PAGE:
Cellular Respiration

A. Malcolm Campbell, Christopher Paradise

In Stock Date: 
03/24/2016
Print Price: 
$49.95
Print ISBN: 
9781606509975
E-book Price: 
$29.95
E-book ISBN: 
9781606509982
Pages: 
100
Binding Type: 
Softcover

What happens to a meal after it is eaten? Food consists primarily of lipids, proteins and carbohydrates (sugars). How do cells in the body process food once it is eaten and turned it into a form of energy that other cells can use? This book examines some of the classic experimental data that revealed how cells break down food to extract the energy. Metabolism of food is regulated so that energy extraction increases when needed and slows down when not needed. This type of self-regulation is all part of the complex web of enzymes that convert food into energy. Adding to this complexity is that all food eventually winds up as two carbon bits that are all processed the same way. This book will also reveal why animals breathe oxygen and how that relates to the end of the energy extraction process and oxygen’s only role in the body. Rather than look at all the details, this book takes a wider view and shows how cellular respiration is self-regulating.

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A. Malcolm Campbell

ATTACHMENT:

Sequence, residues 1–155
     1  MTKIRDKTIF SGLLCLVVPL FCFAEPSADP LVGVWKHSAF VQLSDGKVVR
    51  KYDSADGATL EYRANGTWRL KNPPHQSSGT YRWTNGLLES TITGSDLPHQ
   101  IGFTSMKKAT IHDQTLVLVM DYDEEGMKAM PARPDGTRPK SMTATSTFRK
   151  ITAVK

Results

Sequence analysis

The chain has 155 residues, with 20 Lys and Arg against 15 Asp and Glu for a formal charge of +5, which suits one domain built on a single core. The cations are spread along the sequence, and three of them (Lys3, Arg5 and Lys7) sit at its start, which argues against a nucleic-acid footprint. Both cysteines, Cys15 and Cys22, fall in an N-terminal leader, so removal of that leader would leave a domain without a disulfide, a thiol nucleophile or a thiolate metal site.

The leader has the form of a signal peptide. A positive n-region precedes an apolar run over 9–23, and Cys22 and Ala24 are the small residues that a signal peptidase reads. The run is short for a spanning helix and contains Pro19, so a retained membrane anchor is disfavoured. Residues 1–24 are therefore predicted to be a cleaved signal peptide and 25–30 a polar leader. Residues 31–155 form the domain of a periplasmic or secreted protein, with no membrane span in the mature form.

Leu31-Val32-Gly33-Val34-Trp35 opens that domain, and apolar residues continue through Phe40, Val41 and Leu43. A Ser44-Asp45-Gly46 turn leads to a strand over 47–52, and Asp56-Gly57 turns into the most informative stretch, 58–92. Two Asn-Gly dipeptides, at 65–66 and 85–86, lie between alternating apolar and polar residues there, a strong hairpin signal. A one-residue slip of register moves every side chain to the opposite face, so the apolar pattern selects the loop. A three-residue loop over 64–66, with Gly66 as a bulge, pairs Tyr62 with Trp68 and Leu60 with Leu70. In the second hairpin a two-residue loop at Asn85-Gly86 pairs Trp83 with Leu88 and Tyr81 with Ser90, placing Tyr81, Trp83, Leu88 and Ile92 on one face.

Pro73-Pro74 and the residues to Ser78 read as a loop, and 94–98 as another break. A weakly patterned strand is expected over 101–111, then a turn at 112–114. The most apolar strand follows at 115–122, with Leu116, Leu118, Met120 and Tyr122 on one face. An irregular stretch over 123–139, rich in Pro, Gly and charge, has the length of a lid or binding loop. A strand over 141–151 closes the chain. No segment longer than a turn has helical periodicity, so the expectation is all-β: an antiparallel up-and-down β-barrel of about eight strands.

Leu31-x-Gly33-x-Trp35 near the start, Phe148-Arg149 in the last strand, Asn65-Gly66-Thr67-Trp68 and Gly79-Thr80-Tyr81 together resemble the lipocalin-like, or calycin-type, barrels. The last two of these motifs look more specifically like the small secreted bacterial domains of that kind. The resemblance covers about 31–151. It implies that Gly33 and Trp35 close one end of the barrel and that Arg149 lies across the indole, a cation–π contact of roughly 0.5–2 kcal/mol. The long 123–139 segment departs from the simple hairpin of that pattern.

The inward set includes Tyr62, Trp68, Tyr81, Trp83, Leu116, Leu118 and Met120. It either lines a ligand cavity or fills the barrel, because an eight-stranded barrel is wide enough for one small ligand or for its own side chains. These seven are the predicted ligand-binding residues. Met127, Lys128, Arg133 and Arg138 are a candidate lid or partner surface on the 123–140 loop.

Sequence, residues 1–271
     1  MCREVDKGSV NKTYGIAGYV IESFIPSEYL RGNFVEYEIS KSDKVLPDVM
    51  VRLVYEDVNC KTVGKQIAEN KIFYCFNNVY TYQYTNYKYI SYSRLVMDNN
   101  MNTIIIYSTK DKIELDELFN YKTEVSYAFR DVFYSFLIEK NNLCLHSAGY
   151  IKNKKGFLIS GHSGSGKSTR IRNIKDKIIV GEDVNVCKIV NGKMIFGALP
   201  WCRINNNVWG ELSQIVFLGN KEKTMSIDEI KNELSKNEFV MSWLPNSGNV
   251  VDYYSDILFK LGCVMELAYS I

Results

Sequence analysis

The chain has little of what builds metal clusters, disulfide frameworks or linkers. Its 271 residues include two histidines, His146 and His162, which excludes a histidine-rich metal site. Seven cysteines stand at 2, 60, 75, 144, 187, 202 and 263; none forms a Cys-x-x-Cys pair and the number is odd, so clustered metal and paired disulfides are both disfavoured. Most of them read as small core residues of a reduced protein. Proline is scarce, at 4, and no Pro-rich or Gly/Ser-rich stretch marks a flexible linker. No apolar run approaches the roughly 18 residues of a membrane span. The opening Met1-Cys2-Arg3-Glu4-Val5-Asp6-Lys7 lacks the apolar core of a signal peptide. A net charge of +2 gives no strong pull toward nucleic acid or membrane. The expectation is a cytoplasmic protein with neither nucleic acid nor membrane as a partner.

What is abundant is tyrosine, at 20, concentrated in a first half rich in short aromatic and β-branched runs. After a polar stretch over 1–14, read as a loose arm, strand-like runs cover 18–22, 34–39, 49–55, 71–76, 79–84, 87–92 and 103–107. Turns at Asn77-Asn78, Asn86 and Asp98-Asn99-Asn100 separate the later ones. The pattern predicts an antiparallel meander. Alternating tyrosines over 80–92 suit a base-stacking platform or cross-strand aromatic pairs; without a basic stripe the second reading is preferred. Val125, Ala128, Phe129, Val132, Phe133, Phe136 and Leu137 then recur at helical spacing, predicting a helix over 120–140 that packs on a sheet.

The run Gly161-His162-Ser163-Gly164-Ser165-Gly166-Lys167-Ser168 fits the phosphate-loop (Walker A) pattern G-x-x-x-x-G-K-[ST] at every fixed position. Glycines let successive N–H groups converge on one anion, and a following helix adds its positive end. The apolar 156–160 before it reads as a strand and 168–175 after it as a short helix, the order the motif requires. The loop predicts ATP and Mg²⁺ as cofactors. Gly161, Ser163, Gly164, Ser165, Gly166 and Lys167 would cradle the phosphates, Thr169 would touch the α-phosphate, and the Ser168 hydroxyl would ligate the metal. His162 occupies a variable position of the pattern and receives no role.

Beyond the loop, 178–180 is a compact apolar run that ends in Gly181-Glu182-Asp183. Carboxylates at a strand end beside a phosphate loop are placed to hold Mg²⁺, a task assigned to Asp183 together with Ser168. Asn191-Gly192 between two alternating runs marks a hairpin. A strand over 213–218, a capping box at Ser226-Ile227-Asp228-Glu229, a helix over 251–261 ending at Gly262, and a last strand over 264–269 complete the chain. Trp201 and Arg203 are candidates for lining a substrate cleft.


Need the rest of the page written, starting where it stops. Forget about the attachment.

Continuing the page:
A. Malcolm Campbell teaches biology at Davidson College, NC. He received national and international education awards: Genetics Society of America (2013); American Association for the Advancement of Science (2012); and American Society for Cell Biology (2006). He was the founding co-editor in chief of CBE Life Sciences Education; founding director of Genome Consortium for Active Teaching (GCAT); and member of the American Society for Cell Biology governing council (2012–2014).

Christopher J. Paradise

Christopher J. Paradise is professor of biology and environmental studies at Davidson College. He teaches introductory biology, ecology, entomology, and topical seminars on ecotoxicology and renewable natural resources. He also occasionally leads a study abroad program in India.  His research evaluates anthropogenic factors that influence insect biodiversity at a variety of scales.  His current research interests include effects of land use patterns on pollinator communities in parks.

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